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“Ted Lasso” made a name for itself by prioritizing moments of kindness and forgiveness. The amiable coach (played by Jason Sudeikis) charmed us all for managing the AFC Richmond team with humanity. Which is why it’s pretty shocking that one of the all-time standout moments for the first season was absolutely ruthless.

After being bullied and relegated to the sidelines for countless episodes, the character arc of assistant coach Nate Shelley (played by the brilliant Nick Mohammed) climaxes in the most spectacular of moments: a team roast. Wanting nothing more but the very best for players, Nate pens an elaborate rundown for each player and hands it off to Lasso.

In a surprise twist of fate, Lasso decides the team needs to hear this assessment from Nate himself. What starts off as a timid collection of burns develops into a full-on roast of each player that is, as Dani Rojas says, “tough but fair.”

Variety broke down this beloved moment with Mohammed and director Declan Lowney for the latest installment of “Making A Scene.”

To capture the perfect look for this important away game, Lowney went on several location scouting trips exploring the guest locker rooms in various football stadiums across the UK. No shock here, “The away team always get a pretty miserable dressing room,” says the director.

One real-life locker room had strategically placed a pole in the center of the space, so the visiting coach could never actually address his team all at once. Lowney thought about implementing this strategic pole placement for the big roast but ultimately decided the focus should be all on Nate. However, they did manage to incorporate another real world scenario into “Lasso.”

“I noticed in one particular dressing room the partition into the toilets had fallen down, and the urinals, where the men were expected to go the bathroom, were completely open. In our creating and designing this room we actually did that. We stuck a pair of urinals behind where Ted and Beard stand.”

Before the motivational tirade kicks off, the whole thing starts with an apology between Ted and Nate. The act of forgiveness is used so often on this Apple TV Plus series, it would be an afterthought if it wasn’t so rare to see grown adults on television atoning and reconciling for their past actions. It’s one of the many things that makes this show special.

“I think it’s important that the characters can show forgiveness and apologize,” Mohammed says. “[Ted] apologizes to Nate for snapping the night before. If anything, it deepens the characters instantly. It makes them more relatable. It makes them human, that apology is really, really important. I can’t give anything away, but it’s really, really important… that stuck with me quite a lot, because you don’t see it much happening in comedies and comedy drama.”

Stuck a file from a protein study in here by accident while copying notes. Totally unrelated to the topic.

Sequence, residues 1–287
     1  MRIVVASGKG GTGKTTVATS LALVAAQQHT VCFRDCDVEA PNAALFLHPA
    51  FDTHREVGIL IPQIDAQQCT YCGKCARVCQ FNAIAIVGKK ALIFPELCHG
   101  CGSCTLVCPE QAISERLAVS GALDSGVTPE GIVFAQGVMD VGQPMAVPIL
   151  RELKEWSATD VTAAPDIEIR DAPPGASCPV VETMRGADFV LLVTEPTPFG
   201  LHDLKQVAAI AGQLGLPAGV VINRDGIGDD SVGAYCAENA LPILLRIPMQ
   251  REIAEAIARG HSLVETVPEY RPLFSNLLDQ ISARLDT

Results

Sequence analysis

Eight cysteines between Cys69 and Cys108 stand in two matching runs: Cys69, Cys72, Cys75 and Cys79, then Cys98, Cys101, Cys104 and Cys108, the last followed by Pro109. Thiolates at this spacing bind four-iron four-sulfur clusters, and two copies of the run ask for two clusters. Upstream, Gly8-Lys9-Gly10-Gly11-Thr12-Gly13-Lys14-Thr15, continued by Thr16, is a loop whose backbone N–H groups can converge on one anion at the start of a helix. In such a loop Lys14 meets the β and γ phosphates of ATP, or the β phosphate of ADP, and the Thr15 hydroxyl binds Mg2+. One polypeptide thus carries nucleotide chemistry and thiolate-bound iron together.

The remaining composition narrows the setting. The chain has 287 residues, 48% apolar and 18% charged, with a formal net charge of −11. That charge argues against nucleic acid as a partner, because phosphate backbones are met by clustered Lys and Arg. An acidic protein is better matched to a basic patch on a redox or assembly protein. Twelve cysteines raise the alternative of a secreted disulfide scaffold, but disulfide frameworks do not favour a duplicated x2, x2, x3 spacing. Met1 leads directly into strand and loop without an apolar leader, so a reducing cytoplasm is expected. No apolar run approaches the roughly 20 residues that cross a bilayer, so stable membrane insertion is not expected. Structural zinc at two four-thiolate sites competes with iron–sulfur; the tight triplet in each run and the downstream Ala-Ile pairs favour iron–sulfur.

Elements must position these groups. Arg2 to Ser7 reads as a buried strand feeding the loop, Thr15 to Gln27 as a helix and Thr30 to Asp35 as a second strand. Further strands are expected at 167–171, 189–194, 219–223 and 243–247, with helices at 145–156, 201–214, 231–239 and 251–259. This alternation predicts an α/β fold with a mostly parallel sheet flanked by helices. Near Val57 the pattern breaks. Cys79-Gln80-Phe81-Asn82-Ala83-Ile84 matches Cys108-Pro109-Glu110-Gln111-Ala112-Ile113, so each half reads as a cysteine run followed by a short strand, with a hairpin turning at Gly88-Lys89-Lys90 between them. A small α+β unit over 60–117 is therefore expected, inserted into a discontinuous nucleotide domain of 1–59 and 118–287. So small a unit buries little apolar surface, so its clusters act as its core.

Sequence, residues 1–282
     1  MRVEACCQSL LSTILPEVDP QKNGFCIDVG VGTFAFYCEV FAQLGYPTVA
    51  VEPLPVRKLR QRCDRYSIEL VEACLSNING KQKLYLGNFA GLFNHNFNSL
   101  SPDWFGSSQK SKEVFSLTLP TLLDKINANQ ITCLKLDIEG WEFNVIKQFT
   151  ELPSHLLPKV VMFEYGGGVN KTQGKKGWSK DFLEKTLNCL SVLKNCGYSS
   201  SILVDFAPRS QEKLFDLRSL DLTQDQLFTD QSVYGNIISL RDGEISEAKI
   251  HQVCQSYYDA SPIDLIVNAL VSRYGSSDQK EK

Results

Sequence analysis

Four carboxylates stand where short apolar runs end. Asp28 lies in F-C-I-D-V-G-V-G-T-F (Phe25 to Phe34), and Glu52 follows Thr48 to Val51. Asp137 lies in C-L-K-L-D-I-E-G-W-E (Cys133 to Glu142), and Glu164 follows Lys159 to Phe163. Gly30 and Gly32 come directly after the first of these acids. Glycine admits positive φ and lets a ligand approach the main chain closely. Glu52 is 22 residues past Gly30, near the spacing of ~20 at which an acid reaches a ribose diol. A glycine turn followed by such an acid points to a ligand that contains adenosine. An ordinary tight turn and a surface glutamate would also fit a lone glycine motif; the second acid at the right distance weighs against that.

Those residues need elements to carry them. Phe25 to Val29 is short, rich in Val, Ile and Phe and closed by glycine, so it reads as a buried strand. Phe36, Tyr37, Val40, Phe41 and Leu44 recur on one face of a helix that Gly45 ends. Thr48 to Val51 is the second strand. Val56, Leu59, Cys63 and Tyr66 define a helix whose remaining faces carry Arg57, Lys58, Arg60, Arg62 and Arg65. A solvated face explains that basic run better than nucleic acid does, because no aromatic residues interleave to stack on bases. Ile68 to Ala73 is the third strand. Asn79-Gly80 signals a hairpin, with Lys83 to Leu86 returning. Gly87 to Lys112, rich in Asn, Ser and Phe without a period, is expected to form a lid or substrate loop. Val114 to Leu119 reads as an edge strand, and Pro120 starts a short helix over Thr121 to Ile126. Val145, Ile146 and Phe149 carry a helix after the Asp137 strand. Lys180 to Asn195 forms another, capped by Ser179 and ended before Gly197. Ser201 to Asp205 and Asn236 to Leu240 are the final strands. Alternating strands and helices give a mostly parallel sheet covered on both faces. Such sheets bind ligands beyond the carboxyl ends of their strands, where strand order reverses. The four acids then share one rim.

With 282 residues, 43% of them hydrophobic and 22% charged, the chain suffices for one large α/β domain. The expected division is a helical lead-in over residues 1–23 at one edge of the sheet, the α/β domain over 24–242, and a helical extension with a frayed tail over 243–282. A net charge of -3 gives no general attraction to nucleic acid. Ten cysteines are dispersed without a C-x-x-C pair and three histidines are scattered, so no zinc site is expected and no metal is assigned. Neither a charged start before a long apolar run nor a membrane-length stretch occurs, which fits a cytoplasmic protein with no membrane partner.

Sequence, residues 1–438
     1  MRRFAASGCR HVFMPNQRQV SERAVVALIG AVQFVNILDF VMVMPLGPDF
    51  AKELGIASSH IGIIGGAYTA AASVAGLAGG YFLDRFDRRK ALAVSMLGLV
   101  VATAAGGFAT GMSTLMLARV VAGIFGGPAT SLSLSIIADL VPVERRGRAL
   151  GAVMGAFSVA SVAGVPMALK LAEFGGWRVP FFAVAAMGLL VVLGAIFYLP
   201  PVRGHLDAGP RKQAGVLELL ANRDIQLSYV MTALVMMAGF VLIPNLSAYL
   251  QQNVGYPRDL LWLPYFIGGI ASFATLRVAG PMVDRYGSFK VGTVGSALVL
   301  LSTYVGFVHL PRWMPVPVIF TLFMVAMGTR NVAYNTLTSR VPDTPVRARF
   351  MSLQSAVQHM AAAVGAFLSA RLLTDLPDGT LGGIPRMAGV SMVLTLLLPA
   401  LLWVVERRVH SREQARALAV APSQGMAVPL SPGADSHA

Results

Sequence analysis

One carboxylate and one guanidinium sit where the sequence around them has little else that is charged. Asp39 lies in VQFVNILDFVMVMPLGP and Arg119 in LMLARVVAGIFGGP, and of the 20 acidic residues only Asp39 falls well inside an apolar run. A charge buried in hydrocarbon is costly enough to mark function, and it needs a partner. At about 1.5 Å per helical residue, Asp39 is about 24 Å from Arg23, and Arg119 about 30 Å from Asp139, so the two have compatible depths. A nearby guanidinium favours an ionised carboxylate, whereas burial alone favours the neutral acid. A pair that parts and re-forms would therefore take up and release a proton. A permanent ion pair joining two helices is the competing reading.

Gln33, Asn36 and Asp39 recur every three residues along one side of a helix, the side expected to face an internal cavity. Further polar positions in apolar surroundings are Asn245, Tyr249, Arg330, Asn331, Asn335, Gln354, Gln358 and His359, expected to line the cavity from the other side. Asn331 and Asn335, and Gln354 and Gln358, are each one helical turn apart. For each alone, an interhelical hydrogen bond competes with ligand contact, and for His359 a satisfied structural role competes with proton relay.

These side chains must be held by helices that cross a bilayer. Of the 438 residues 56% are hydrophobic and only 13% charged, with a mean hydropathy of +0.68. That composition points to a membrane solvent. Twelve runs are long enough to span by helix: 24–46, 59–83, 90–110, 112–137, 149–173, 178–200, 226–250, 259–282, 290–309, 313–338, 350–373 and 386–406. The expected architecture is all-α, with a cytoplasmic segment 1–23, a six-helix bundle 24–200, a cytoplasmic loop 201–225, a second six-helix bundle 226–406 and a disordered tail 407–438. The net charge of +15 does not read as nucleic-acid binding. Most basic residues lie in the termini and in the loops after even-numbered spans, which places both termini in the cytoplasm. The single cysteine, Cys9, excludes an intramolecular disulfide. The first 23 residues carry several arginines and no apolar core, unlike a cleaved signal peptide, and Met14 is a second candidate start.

Mohammed is fast to point out that this is also the same episode where Ted suffers from the panic attack. “You really see firsthand that Ted has, despite his cheery persona and the kindness and his optimism and hope, he still has his demons and his flaws as a character… I think it’s very important that we’ve seen him snap and that he has to apologize and Nate just accepts it. It’s a good thing that Nate accepts it. He doesn’t hold a grudge for him.”

The roast itself starts off slow with Nate finding his footing but climaxes into something bigger and essentially something everyone in the room needs. “It all culminates in this emotional dialogue with with Roy [Brett Goldstein] because he genuinely does feel for Roy and even protected him prior to Ted arriving,” says Mohammed. “He has a lot of respect for Roy as almost like an older brother, but he really thinks that what he’s saying needs to be said and will make a difference because Roy needs to be playing [differently] in order for the team to win.”

Lowney utilized the handheld camera to help capture this massive moment.

“I wanted [pan up and down] with the camera because it emphasized how small Nate is and how tall Roy is tearing over him… As Roy approaches and the feeling of suddenly looking down and you suddenly go, ‘he’s going to tear them apart!’ It makes Roy look so powerful standing over Nate,” he explains. “I love that moment, and I liked that he takes the note off and throws it away. He knows what he’s going to say and he’s able to do it. And he doesn’t falter… It’s what empowers Roy and the team to go there and win.” 

This interview has been edited and condescend for clarity. “Making a Scene” is presented by HBO.